The grounds crew strained in spreading the infield tarp and did so during the roughly 15-minute windy downpour. The result turned Wrigley Field into a swampy habitat that left playing conditions dangerous, and both teams discontent.
"I don't think anyone takes any particular pride in winning a 2-0 game in five innings in a situation like that," Cubs general manager Jed Hoyer said. "Those are the rules, but as an organization, we made a very good-faith effort to try to play this game."
Had the Giants led at the time of delay, the contest would have been postponed by virtue of MLB Rule 4.10, which states the game is complete if the home team is ahead through five trips to the plate by the visitors -- the case Tuesday.
The game couldn't be suspended through Rule 4.12(a)(3) for a field malfunction either, as the tarp was hauled manually.
Thus, the imperfect storm.
"The problem that all the parties faced was in the baseball rulebook there was nothing to put our hat on to suspend the game," crew chief Hunter Wendelstedt said. "The game became regulation with the home team winning in the top of the fifth inning. There was really no way around it."
"Honestly we tried every way possible to the sake of fairness and equity to get to a suspended game and allow the teams to get to the point of a suspended game and allow the teams to play nine tomorrow, but the rules just don't provide for that," said Cubs president of baseball operations Theo Epstein. "We had both teams, the umpires and MLB wanting to do the right thing."
The Giants are in the thick of a competitive National League pennant race. With the loss, they fell 4 1/2 games out of first in the NL West and into a tie for the final Wild Card spot with the Braves, who have won five straight.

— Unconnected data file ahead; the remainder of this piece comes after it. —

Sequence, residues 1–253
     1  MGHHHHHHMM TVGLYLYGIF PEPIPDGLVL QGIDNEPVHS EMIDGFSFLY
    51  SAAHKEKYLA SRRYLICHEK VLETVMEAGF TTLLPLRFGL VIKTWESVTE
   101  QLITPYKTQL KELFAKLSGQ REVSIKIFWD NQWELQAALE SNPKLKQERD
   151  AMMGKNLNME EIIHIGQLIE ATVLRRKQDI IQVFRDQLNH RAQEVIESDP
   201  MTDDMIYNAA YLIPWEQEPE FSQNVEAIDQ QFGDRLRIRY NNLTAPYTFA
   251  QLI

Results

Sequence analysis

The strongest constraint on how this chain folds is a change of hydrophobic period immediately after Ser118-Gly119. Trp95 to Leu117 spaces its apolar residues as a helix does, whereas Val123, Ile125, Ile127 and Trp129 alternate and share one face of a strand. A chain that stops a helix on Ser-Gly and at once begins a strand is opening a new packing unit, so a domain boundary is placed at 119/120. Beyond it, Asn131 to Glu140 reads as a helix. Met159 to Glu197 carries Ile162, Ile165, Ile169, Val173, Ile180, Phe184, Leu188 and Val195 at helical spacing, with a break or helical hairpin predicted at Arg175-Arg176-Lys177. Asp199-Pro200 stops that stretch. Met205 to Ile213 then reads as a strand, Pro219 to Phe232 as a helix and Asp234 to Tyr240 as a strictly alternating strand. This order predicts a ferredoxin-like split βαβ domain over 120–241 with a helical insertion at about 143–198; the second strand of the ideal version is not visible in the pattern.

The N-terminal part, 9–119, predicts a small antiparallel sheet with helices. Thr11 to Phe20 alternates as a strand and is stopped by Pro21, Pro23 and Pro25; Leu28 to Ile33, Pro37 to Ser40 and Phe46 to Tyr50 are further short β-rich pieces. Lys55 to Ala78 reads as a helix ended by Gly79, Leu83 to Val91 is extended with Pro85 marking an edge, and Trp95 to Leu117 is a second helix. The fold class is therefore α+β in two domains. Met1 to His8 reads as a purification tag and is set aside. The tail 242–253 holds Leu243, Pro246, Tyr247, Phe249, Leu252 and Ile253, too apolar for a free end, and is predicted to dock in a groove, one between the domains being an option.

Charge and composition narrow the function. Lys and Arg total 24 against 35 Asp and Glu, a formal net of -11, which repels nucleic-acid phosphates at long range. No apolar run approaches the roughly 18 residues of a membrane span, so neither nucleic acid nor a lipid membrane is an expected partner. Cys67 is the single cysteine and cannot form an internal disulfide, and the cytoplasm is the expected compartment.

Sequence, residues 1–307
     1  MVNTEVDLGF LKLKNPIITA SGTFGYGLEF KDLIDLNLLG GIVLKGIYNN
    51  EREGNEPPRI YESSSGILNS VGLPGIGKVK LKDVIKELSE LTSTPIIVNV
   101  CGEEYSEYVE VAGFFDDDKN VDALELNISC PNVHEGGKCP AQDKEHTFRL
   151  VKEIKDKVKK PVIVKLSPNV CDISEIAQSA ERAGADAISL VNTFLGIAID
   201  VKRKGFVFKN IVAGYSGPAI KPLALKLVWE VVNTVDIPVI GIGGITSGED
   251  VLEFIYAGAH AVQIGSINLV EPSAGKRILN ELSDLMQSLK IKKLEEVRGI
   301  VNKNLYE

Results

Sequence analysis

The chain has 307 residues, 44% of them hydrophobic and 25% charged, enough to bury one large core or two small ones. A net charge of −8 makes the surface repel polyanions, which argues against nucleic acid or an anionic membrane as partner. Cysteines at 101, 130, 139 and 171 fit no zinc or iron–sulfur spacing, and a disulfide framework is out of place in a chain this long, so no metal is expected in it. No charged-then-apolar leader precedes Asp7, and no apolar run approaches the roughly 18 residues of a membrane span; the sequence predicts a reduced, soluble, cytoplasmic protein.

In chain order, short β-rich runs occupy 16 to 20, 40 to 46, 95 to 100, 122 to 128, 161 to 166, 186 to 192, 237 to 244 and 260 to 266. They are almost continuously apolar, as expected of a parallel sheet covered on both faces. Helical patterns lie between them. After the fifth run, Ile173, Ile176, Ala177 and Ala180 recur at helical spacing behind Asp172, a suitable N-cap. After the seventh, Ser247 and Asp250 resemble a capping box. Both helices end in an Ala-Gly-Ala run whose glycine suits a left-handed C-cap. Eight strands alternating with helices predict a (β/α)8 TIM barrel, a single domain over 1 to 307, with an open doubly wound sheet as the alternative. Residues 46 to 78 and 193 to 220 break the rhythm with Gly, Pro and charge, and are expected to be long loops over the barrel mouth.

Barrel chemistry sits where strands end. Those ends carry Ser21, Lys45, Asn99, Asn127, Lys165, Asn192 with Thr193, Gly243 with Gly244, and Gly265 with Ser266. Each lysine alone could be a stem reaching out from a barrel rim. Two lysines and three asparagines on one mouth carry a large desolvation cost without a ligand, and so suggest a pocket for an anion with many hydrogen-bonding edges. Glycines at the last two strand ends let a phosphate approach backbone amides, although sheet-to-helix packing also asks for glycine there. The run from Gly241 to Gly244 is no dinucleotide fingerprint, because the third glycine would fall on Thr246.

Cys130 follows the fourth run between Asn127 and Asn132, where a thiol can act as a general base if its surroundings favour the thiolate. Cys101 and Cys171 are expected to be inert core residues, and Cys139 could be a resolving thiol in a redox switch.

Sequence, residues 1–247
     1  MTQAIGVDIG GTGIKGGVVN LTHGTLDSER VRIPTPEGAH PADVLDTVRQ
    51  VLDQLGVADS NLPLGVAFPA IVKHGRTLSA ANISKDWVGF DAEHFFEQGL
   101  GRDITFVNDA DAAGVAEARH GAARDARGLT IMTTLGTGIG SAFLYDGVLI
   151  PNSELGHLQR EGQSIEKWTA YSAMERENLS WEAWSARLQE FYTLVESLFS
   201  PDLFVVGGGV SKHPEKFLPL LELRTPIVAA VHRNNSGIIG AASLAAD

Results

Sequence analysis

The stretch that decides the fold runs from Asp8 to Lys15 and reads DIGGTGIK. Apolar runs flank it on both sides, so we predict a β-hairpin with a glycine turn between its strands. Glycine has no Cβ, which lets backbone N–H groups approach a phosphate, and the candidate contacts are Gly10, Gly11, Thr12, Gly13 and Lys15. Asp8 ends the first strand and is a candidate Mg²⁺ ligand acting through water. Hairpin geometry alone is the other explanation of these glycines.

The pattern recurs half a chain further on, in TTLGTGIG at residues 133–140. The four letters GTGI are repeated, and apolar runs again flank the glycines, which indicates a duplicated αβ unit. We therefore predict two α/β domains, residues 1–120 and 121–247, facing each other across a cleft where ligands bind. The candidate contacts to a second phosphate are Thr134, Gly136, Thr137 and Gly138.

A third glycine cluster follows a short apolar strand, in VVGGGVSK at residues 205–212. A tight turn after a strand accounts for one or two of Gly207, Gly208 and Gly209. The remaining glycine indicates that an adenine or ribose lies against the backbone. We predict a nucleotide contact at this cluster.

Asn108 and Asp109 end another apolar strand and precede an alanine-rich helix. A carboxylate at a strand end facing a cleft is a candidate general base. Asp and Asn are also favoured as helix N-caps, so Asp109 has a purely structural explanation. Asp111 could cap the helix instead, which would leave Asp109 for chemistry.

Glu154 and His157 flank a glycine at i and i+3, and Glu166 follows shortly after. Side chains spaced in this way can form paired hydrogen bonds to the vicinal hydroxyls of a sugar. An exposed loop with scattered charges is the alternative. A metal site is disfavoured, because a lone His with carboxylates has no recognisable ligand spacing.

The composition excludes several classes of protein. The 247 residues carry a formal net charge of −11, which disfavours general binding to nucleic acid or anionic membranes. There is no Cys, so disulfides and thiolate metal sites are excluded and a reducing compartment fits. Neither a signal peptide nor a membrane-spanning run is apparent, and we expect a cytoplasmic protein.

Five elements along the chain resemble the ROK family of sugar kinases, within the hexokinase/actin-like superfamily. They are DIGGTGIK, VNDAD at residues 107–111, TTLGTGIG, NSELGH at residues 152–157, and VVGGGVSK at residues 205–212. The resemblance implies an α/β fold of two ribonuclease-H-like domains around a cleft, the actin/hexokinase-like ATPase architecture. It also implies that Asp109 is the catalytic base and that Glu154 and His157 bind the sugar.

"Look, I'm frustrated, beside myself," Giants manager Bruce Bochy said. "I hope they listen and watch what happened there because in this day and time it shouldn't happen, can't happen, I think, with the importance of these games."
The brief downpour was preceded by a mist with two outs in the top of the fourth, light enough to continue play. Buster Posey popped out to shortstop Starlin Castro to end the half inning, just as rain reared sharp, sideways and at a substantial rate.
"It was a 15-minute rain there and they couldn't get the tarp on in time," Bochy said. "I just think with this day and time, something should have been done a little bit more."
Wendelstedt conferred between innings with Cubs groundskeeper Roger Baird, who he reported a "very light rain" that "was not even showing on the radar." As soon as the downpour commenced, the tarp was called for.
"When we watched the radar loop, Mother Nature was not raining," Wendelstedt said. "No one had any facts that saw this coming."
"It was just a bad set of circumstances to get us where we are."
Bochy and Cubs manager Rick Renteria met to determine the infield conditions after just over 90 minutes into the delay, then again 45 minutes later. When asked if the hordes of Diamond Dry the crew hauled had made a worthy impact, Renteria offered little conviction.
"Significantly better? No," he said. "There was a lot of moisture in there."
"The one thing I think everybody has to be cognizant of is you don't want any of those guys to get hurt. Period. From being a former infielder, I can tell you that the footing on that was going to be pretty bad."
Hoyer said the only thing that could've salvaged the field was sunlight. As midnight approached, one crew worker was dragging the field -- everyone else was holding.
"If we felt like it was going to dry tonight, we'd still be waiting," Hoyer said. "Ultimately we got to the point where we realized that this is not going to dry."
The game lasted one hour and 35 minutes at the time of delay, and no rain came the rest of the night. The White Sox-Orioles game at U.S. Cellular Field 10 miles south wasn't even affected.
"I don't think anyone is at fault," Hoyer said. "It was a flash storm. As you know, Comiskey or the Cell didn't get any rain whatsoever. Really showed up on the radar really late and it was much harder than we thought. … The volume of the storm was much harder than anyone expected, so the tarp probably started getting out on the field later than it usually does."
Daniel Kramer is an associate reporter for MLB.com.